Update: Depressingly, this wasn't funded by NASA at all, although one of the authors is from NASA's planetary science division (he worked on it in his free time). It's still a good read though. (Thanks, Kate Sheppard!)

Here's good news for people who have been trying to draft the tinfoil-hat crew into the fight against climate change: A genuinely not-at-all-made-up-by-me NASA not NASA study posits that global warming could alert extraterrestrial civilizations that humanity is getting too big for its britches, and prompt them to attack us.

The paper, which is mainly concerned with guessing whether aliens are mean or not, has a sobering theory about our climate:

Humanity may just now be entering the period in which its rapid civilizational expansion could be detected by an ETI because our expansion is changing the composition of Earth’s atmosphere (e.g. via greenhouse gas emissions), which therefore changes the spectral signature of Earth. While it is difficult to estimate the likelihood of this scenario, it should at a minimum give us pause as we evaluate our expansive tendencies.

On the plus side, we are probably not going to be conquered by environmentalist aliens, or at least, they're not likely to eat us:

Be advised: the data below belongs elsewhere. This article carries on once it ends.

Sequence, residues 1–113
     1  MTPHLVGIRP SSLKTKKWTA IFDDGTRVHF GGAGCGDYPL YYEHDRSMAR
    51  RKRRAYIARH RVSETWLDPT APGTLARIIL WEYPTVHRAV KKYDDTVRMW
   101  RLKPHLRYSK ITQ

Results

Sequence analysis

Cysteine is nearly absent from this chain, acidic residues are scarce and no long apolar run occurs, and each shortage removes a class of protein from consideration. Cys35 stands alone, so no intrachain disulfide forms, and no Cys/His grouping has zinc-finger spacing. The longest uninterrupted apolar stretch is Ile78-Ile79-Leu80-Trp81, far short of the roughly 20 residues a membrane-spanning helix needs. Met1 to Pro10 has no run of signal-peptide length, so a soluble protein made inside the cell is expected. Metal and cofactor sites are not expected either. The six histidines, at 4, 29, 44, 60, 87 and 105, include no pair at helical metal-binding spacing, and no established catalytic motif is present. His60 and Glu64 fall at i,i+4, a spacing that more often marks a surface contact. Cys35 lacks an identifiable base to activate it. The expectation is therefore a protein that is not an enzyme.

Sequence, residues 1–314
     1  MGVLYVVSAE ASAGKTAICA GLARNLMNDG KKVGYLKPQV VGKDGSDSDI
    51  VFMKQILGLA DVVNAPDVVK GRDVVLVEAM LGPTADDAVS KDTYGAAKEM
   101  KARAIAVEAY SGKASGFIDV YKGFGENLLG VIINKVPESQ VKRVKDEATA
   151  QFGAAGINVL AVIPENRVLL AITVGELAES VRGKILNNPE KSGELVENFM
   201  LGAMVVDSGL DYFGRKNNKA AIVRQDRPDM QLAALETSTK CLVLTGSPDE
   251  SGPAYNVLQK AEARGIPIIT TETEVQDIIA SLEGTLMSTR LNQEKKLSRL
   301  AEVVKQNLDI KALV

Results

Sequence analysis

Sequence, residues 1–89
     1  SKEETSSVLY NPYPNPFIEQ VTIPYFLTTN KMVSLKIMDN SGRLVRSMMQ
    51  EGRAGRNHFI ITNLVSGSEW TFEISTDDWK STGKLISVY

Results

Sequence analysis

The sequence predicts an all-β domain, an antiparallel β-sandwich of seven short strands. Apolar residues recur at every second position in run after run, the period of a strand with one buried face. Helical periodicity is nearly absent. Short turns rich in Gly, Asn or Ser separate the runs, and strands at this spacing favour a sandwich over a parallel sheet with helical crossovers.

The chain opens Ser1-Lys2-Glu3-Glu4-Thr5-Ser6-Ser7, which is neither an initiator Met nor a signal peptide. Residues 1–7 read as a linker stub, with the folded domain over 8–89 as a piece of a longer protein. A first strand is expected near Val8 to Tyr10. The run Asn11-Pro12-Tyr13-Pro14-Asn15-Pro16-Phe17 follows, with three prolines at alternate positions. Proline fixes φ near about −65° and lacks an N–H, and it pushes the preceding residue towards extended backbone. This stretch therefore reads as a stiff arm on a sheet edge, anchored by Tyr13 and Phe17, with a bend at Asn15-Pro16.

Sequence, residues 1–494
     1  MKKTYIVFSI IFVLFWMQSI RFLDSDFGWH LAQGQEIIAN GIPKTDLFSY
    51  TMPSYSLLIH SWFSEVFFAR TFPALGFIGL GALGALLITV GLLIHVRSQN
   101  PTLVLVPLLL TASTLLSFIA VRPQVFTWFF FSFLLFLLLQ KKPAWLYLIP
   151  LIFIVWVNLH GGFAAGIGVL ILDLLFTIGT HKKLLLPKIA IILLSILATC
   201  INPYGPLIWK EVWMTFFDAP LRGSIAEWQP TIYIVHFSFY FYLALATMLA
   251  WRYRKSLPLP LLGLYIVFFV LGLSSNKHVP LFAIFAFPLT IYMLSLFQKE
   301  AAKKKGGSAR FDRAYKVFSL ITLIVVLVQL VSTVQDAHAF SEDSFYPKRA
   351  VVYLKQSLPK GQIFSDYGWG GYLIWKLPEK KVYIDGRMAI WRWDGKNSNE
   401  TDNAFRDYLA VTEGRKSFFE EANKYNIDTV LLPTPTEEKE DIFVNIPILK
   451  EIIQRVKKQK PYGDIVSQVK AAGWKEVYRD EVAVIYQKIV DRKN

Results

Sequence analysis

[I]f exponential growth is in fact unsustainable on the galactic scale … then we are much more likely to encounter a long-lived ETI civilization that follows a sustainable development pattern. Such a civilization may have no need to consume Earth systems (or humans) because they will have already found a way to effectively manage their resources over long timescales. Therefore, the possible unsustainability of long-term rapid expansion decreases the probability that ETI will destroy us. 

It's tough to imagine that this paper is strictly serious — they reference, among other things, Star Trek and The Hitchhiker's Guide to the Galaxy ("where ETI place intrinsic value on civic infrastructure … and destroy Earth to make way for a hyperspace bypass"). But it's hella funny to watch taped-glasses NASA boffins theorize about whether aliens are jerks. And it gives you a completely genuine piece of scientific literature to point to when trying to convince your local basement-dwelling Robert Anton Wilson fan that climate change is a serious concept.